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Women's College World Series: A piece of the prize

After a year of accepting whatever role given, Hart grads rewarded with national title, momentum

Posted: June 11, 2010 10:14 p.m.
Updated: June 12, 2010 4:55 a.m.

In their first season of collegiate softball, Hart graduate Devon Lindvall earned a national championship with UCLA after a two-game sweep of Arizona in the Women’s College World Series in Oklahoma City. Lindvall started 26 games in center field for the Bruins this season.

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By the time Arizona center fielder Lauren Schutzler stepped to the plate in the bottom of the seventh inning during the Women's College World Series, the UCLA softball team needed only one out to clinch its 12th national championship.

With the count at one ball and two strikes, Bruins right-hander Donna Kerr tossed the pitch.

Schutzler swung for strike three, sending the Bruins into hysteria.

Among those celebrating were Hart High graduates Devon Lindvall and Destiny Rodino, who in their first collegiate seasons claimed an NCAA title.

"After we won and when you are in that moment, everyone is hugging each other and going crazy," Rodino said. "Once me and Devon looked at each other, we just said, ‘We did it.' It's really unreal. I don't think it has completely hit me yet. Just being able to be say that I've had a dream come true, words can't describe it."

Lindvall was in center field for the final out.

"It was magical," she said. "It was just one of those moments that you'll have for the rest of your life."

Both players said the entire team was motivated by the passing of coaching legend John Wooden, who died of natural causes the day before the final game.

With All-American teammate Katie Schroeder out with a leg injury, Lindvall showed defensive consistency and emerged as the team's everyday flex player, starting 26 contests and appearing in 50.

"She did a great job of helping the Bruins not skip a beat in center field," said UCLA head coach Kelly Inouye-Perez. "She has an extraordinary ability to read the ball, a strong arm, she isn't afraid of anything and she earned a starting position with the UCLA Bruins as a freshman. She instilled confidence in her team and in me."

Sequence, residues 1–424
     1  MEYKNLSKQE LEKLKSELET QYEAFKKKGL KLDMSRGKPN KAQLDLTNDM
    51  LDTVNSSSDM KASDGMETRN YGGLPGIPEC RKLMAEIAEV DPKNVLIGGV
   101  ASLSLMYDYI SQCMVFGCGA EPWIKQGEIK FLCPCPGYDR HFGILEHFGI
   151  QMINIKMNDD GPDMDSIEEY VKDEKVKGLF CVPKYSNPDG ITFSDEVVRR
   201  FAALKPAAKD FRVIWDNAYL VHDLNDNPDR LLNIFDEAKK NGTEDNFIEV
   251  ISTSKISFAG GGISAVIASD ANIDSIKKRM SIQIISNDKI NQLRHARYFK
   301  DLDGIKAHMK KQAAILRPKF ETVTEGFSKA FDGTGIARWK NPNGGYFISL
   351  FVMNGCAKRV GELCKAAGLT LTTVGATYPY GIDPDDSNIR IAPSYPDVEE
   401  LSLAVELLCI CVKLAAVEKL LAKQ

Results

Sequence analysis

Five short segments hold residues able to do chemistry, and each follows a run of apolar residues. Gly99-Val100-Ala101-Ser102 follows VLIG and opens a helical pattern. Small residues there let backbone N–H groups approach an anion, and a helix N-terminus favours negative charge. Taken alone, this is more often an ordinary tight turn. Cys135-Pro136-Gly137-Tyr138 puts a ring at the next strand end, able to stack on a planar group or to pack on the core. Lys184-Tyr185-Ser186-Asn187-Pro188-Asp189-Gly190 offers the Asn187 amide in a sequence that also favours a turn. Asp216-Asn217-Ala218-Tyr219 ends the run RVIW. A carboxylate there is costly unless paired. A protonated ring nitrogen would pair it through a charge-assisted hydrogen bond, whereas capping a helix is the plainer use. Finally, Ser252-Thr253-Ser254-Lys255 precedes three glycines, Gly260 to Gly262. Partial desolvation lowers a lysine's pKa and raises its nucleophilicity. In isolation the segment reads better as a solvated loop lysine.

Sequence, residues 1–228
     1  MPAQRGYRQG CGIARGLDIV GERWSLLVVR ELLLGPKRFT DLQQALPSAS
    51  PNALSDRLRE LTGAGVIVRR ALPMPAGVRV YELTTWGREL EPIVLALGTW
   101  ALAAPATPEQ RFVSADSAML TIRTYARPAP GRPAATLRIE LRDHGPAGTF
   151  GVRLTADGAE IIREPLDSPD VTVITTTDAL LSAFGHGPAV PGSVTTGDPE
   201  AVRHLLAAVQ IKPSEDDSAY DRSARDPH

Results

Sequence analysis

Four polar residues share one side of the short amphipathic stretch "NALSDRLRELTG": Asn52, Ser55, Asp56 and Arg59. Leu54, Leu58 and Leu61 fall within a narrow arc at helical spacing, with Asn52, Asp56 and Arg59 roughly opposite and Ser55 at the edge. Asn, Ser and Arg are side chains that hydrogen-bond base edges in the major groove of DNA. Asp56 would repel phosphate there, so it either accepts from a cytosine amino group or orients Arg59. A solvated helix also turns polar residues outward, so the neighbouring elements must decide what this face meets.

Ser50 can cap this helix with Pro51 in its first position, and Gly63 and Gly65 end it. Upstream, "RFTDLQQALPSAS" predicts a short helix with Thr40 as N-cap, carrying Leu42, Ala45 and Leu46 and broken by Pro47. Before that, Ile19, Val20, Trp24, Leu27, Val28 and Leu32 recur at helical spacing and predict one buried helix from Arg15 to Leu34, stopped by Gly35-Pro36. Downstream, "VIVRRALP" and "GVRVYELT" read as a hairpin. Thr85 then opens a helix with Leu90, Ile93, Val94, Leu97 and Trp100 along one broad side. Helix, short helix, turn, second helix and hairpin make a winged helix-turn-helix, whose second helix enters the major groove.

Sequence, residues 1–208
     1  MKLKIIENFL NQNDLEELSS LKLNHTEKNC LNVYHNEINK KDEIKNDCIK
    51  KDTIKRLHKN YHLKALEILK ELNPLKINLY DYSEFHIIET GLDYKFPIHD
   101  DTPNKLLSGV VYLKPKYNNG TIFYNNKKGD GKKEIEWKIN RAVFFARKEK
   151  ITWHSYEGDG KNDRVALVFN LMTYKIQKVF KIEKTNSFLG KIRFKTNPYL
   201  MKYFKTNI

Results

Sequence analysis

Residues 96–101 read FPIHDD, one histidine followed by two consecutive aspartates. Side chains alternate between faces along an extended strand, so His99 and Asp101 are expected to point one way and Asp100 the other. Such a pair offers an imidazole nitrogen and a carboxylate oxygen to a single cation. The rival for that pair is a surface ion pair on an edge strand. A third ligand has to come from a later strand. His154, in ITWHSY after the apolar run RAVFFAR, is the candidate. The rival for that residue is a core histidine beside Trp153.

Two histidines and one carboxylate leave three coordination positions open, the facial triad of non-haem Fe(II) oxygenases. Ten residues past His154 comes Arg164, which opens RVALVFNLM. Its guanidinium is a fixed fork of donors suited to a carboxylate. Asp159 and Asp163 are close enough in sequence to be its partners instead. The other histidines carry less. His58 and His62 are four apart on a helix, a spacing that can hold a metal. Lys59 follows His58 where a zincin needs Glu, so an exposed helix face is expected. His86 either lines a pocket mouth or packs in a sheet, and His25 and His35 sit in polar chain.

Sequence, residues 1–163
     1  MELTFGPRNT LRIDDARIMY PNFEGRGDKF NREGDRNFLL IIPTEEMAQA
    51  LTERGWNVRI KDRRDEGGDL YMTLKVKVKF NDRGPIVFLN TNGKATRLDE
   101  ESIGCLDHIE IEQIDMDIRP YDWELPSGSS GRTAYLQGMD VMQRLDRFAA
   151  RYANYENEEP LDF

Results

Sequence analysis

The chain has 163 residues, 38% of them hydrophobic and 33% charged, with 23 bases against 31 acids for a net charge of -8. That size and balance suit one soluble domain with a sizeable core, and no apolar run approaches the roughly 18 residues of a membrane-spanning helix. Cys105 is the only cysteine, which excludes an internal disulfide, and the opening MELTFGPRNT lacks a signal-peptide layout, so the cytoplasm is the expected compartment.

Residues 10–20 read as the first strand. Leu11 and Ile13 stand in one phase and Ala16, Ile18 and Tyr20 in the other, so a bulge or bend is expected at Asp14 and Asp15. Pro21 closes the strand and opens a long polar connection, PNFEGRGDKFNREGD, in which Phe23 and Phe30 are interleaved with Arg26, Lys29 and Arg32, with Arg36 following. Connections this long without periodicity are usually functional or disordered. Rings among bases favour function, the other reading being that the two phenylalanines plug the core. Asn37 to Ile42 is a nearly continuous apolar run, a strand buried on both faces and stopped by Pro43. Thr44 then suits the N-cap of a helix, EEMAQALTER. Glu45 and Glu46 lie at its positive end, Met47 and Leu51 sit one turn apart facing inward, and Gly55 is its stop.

Lindvall played all eight innings of UCLA's 6-5 win over Arizona in the first game of the finals and the last frame of the Bruins' 15-9 win in game 2.

"It's definitely always been a dream, but this is what you sign up for when you sign with UCLA softball," Lindvall said. "It's a program filled with tradition and excellence. Being a student-athlete here at UCLA, it's a job, but that's what you sign up for. It all pays off. The season was just unreal, awesome. Now being able to take this experience and move it through my next few years will be great."

Rodino, who experienced a dramatic role change this season, echoed the sentiment.

After four years as Hart's ace, the pitcher entered the season at the bottom of the pecking order.

"She had so many skills and I think the best of her game is yet to come," Inouye-Perez said. "But she came into a system that allowed her to be a freshman."

With it came the freedom to learn quite literally from the best.

"I tried to do everything I could to help the team to get where they needed to be - carrying the bucket of balls, pitch batting practice, staying after practice to feed batters," Rodino said. "Our philosophy at UCLA is putting the team before yourself. ... We respect the game and we respect each other. The game doesn't know who is supposed to win. I'm at a loss for words to describe this team and how blessed I am to be a part of history."

In eight appearances, including four starts, this season Rodino posted an ERA of 3.39 with 11 strikeouts.

Along the way, the Hart grads encountered former teammates and Foothill League rivals.

The trend continued in the championship series as Saugus graduate Victoria Kemp made her second visit to the College World Series with Arizona.

After the loss, Kemp said she has even more motivation to earn the elusive title entering her senior year.

"We know what we want at the end of the season and we don't want to fall short next year," Kemp said. "It is always a great experience to go to the College World Series because in the end, you always think about (the fact that) so many girls want to be in your shoes. It's awesome to have the opportunity to be there and to play for Arizona."

For Steve Calendo, who coached Rodino and Lindvall while they were Hart, the elite achievement comes as no surprise.

Neither does the abundance of local softball talent at the NCAA level.

"I think our whole valley is a nice area for these girls to develop their softball talent," he said. "And what makes it better is they get to compete against each other. It's not just the Orange County kids anymore. The local travel ball teams do a very good job of working with these kids and developing them."

It was that competitive edge that Inouye-Perez said drew her attention while recruiting Lindvall and Rodino.

"It was great to see both of them gain experience from it," she said "They were competing for a championship every year over there."

As sophomores in 2007, Lindvall and Rodino came close to a CIF-Southern Section Division I title, but fell 1-0 to Valencia in the championship game.

The experience drove them over the years, but is one they can officially put behind them now.

In its place is a collegiate championship.

And according to Inouye-Perez, it could be the first of many.

"Both of those two came in and did everything they could, put the program before themselves and helped this team win a championship," she said. "And that's why is the future looks great."

 

 

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